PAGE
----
Pinterest is a teacher’s dream. It’s full of resources like lesson plans, handouts, and examples. They are all there for the choosing and so easy to sort and store. The problem is using them might just be destroying what makes art education valuable and unique.
In fact, Pinterest sucks for planning art lessons.
Pinterest is set up for copying of the most vapid sort. Vapid, because we scan for what looks the most appealing, what looks the prettiest. This is a good way to look for haircut ideas (guilty) but less than ideal for teaching visual fluency to the next generation.
Learning in art is not pretty and it does not match what’s going on in the next seat. It’s messy and complicated, just the sort of thing that can’t be captured in a “pin.” If you see an idea for your classroom that looks cute, quick, and easy, then it’s probably a waste of everyone’s time.
There are certain standbys in art education that we see again and again: birch trees, Monet’s bridge, Wayne Thiebaud pie slices, the plastic Chihuly replicas.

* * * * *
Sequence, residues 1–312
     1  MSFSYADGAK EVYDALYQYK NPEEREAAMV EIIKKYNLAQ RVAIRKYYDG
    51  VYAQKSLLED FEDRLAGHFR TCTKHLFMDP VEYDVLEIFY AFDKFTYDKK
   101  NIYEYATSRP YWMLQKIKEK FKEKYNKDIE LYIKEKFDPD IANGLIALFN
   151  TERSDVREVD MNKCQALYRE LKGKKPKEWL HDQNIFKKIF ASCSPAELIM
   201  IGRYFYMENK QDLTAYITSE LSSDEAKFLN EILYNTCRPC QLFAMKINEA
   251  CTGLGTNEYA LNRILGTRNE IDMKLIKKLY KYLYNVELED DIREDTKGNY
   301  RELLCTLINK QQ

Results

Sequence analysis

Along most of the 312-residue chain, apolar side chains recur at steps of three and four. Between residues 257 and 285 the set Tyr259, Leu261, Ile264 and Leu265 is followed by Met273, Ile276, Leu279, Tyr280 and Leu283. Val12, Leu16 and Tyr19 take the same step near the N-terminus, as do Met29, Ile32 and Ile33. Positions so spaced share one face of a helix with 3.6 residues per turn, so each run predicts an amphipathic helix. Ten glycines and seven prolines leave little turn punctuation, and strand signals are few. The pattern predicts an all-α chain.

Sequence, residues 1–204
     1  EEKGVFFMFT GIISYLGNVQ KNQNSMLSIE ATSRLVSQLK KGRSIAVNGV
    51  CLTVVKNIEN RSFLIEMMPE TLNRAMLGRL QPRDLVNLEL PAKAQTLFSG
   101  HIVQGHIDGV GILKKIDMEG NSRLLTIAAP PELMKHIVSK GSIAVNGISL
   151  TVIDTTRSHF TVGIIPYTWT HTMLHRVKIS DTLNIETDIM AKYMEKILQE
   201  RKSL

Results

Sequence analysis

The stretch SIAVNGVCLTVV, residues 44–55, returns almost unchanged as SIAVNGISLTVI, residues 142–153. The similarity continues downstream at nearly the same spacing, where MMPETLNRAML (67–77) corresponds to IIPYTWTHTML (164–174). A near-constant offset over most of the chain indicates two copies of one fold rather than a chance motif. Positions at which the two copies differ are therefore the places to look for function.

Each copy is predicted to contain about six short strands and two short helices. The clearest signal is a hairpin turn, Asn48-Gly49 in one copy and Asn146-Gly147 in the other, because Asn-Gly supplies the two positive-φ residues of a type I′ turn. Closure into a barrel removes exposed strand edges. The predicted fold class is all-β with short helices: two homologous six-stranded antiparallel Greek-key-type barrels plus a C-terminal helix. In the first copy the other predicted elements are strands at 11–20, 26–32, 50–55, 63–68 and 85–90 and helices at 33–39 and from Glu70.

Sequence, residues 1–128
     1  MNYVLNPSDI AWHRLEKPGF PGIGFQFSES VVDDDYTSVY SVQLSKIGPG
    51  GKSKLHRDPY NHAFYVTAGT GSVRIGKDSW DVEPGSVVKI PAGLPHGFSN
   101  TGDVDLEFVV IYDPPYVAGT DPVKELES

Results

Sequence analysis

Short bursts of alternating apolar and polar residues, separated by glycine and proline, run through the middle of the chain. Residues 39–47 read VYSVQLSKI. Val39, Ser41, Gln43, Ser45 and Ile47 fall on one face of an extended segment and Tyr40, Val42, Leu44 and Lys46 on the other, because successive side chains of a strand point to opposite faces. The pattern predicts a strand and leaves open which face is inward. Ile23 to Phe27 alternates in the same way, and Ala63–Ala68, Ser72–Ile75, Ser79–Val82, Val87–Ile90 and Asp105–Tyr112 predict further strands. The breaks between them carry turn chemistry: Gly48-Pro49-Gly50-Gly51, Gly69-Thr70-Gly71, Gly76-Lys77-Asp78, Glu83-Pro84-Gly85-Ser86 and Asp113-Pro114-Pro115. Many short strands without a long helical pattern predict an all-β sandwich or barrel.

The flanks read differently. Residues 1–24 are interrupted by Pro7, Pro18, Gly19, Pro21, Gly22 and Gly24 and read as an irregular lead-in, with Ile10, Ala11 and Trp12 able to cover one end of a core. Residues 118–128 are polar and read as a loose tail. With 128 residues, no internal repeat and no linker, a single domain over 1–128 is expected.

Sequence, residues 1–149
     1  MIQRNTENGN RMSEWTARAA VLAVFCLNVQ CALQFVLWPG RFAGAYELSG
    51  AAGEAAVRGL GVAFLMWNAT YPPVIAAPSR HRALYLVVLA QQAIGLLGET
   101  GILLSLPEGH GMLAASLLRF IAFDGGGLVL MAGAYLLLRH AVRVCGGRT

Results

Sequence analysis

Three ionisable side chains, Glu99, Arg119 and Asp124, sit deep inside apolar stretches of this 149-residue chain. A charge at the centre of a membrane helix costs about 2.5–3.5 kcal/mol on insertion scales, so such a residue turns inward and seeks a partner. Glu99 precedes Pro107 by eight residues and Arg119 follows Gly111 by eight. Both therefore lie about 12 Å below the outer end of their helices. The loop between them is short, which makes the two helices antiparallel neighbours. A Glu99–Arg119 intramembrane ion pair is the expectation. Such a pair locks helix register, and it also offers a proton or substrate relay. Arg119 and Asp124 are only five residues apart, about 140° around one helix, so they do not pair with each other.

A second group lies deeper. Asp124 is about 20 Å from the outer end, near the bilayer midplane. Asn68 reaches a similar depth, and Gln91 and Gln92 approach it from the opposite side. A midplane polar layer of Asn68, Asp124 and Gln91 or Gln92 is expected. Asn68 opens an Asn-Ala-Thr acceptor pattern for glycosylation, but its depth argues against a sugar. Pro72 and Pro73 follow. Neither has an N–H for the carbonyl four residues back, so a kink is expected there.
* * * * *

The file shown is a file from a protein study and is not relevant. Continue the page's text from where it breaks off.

These, at one time, may have been good projects. But just like that song on the radio that’s played until you can’t stand it, they lose appeal each time they are recreated. At some point, they go from being creative homages to something less – something bright to hang on a wall or line up in your bakeshop-themed display case.
When do art projects become assembly instead of creation?
My guess is it’s somewhere between the tenth and the 500th time someone copies the same lesson off of Pinterest.
For me, the power and purpose of these too-often replicated works get fainter each time we see them. Where is the joy of creation, the self-expression, the exploration of media? We’ve lost sight of the forest through all the birch trees.
If you think so too, put down Pinterest and go to an art museum, check out This is Colossal for ideas, or set up some centers. Develop new ways for students to experience the beauty and complexity that art has to offer instead of copying the same lesson off of Pinterest that everyone else is. We’re the creative ones, remember?
What are your thoughts on Pinterest?
Do you love it, hate it or fall somewhere in between?
Magazine articles and podcasts are opinions of professional education contributors and do not necessarily represent the position of the Art of Education University (AOEU) or its academic offerings. Contributors use terms in the way they are most often talked about in the scope of their educational experiences.